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A story of the Oklahoma Panhandle

By David Dary
Norman, Oklahoma (AP) 12-07

Oklahoma evolved like a patchwork quilt. In the language of quilters, it is a “crazy quilt” that developed without much design. One example is the story of the Oklahoma Panhandle.

The history of the Oklahoma Panhandle has its roots to the Compromise of 1850 and in 1845 when Texas became a state. The U.S. then acquired a vast amount of territory that Texas had claimed since its days as a Republic.

When Texas joined the Union as a slave state, it agreed not to extend its sovereignty over any territory north of 36 degrees and 30 seconds north. Therefore the northern boundary of the Texas Panhandle only stretched that far north, even though as a republic Texas claimed a strip of land stretching northward into modern Wyoming.

After Kansas Territory was created in 1854, its southern boundary was set on the east-west 37th parallel as agreed to in the Missouri Compromise of 1820 that called for all territory north of the line to be free and everything south to be slave.

This left a narrow strip of land about 34 and one-half miles wide about 168 miles long between Kansas Territory and the Texas Panhandle.

Between 1850 and 1890, most government maps identified this strip of land as “Public Land” or “Public Land Strip.” Many people called it “No Man’s Land.”

During the warm months of the year this strip of land was home to nomadic Plains Indians, mostly Comanches. Countless traders with their caravans of freight wagons crossed the strip traveling between Missouri and Santa Fe. Military expeditions also used the route.

During the 1860s sheep herders from New Mexico settled near the western end of this strip of land. In 1874, white buffalo hunters ignored the government’s “no hunting” order for the southern plains including “No Man’s Land.” The hunting increased after the free-roaming Indians were moved to reservations.

In 1878, cattlemen arrived looking for free open range for their animals. In was not until about 1880, that Jim Lane, a former wagon freighter, became the first permanent settler in “No Man’s Land.” He constructed a large dugout on Beaver Creek toward the eastern end of the strip. He brought several wagons loaded with supplies and opened a store.

In 1885, the U.S. land office in Washington, D.C. declared that “No Man’s Land” was not part of Indian Territory.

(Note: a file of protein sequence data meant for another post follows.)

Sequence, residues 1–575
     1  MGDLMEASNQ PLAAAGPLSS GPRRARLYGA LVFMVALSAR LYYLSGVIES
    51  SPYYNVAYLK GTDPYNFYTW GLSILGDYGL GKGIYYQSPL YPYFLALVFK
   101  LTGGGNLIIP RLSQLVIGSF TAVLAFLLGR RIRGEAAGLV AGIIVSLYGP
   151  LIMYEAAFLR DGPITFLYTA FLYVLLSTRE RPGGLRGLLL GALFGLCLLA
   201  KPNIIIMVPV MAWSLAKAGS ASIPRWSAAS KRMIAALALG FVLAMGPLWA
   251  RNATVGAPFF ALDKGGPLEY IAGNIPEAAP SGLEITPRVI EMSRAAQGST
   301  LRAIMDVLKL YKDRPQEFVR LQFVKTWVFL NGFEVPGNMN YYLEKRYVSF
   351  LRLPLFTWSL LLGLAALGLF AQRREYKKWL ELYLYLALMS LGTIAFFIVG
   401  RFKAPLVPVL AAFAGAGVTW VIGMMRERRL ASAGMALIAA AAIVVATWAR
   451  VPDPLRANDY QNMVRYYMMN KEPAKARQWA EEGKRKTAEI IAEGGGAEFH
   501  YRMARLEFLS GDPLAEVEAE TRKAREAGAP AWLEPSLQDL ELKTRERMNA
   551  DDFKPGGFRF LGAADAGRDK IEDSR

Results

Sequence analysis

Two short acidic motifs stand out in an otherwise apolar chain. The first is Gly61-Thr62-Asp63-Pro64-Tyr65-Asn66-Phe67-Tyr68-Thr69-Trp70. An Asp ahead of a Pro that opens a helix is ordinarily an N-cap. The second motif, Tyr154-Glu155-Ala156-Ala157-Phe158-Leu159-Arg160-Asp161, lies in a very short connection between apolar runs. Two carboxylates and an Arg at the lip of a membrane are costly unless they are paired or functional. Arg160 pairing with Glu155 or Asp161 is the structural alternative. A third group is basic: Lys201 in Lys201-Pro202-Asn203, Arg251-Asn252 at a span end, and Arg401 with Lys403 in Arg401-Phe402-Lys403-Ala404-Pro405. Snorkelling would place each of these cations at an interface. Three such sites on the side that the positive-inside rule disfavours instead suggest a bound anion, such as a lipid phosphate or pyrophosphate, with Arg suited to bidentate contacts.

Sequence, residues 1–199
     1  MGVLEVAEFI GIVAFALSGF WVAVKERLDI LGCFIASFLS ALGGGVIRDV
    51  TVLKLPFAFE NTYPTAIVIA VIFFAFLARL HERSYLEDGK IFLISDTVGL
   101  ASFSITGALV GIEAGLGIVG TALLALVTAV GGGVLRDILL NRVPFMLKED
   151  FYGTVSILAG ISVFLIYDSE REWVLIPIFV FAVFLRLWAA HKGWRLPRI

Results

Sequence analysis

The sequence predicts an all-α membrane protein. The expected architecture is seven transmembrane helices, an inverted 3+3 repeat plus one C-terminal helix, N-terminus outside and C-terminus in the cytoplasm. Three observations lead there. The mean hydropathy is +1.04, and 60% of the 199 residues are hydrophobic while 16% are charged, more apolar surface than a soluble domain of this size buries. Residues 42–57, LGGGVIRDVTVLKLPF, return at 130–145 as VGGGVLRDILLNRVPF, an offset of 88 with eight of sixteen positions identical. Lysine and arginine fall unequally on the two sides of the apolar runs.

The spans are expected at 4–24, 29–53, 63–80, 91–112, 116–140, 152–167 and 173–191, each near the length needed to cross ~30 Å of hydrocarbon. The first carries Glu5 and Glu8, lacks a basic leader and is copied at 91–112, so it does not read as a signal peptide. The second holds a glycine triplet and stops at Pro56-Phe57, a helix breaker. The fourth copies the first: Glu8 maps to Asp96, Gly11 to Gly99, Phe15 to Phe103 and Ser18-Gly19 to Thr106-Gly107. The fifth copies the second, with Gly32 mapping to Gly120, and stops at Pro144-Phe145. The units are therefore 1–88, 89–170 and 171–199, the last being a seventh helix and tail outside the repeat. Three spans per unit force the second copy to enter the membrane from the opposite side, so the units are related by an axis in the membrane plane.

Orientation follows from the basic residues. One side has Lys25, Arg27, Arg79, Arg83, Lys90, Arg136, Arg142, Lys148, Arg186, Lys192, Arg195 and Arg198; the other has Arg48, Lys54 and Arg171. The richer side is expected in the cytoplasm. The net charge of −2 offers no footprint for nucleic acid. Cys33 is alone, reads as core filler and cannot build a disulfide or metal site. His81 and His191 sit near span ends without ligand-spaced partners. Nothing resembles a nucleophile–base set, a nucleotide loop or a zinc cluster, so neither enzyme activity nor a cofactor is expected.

Government officials concluded the strip was public land and squatters could settle there. The news spread and land-hungry settlers who had suffered drought and economic depression elsewhere began to move into “No Man’s Land.”

Unfortunately, settlers found no government land office and no government surveys to facilitate homesteading or squatting.

The settlers surveyed the land into quarter sections using “zinc pot” markers left in two-mile intervals along six-mile-square congressional townships surveyed in 1881 by the government.

The settlers squatted on the land they wanted hoping that they could eventually acquire legal title.

The settlers did not attempt serious farming. They could not afford the equipment. Most simply grew what crops they needed to survive. Life was hard, especially during the cold winter months and during periods of drought.

During the late 1880s the settlement of Beaver and a couple of other communities developed in the eastern portion of “No Man’s Land.” Several post offices opened there before 1890.

Since no territorial or state government claimed the “strip,” squatters in most settlements organized citizen committees to resolve land claim disputes. Citizens also formed vigilante committees to maintain law and order. A few even hired men as town sheriffs.

They needed law and order because “No Man’s Land” attracted many men who made their living stealing horses or swindling people out of their land claims.

By early 1887, the citizens of “No Man’s Land” sought to formally organize their own territory to establish government.

On February 27, 1887, they held an election and selected nine delegates. A month later a territorial council was organized in the town of Beaver, the projected territorial capital.

The council divided “No Man’s Land” into five counties, made laws, and decided to send a delegate, Dr. Owen G. Chase, to Washington, D.C. to seek congressional recognition of what they called Cimarron Territory.

Another political faction, however, decided to send J.E. Dale to Washington.

If just one delegate had gone east, Congress might have paid attention and established Cimarron Territory.

Some congressional representatives reported, however, that “No Man’s Land” did not have a large enough population or the resources needed to become a territory.

Although “No Man’s Land” was larger than the states of Rhode Island and Delaware combined, Congress ignored the proposal to create Cimarron Territory and what eventually would be a state of Cimarron. The proposal died.

“No Man’s Land” finally got government in May 1890 when it became part of the Territory of Oklahoma. By then, however, it had lost population.

Perhaps two-thirds of its residents left in the summer of 1889 to participate in the run of the unassigned lands on April 22, 1889.

When Oklahoma became a state a century ago “No Man’s Land” was organized into three counties – Beaver, Texas and Cimarron – and it became the Oklahoma Panhandle.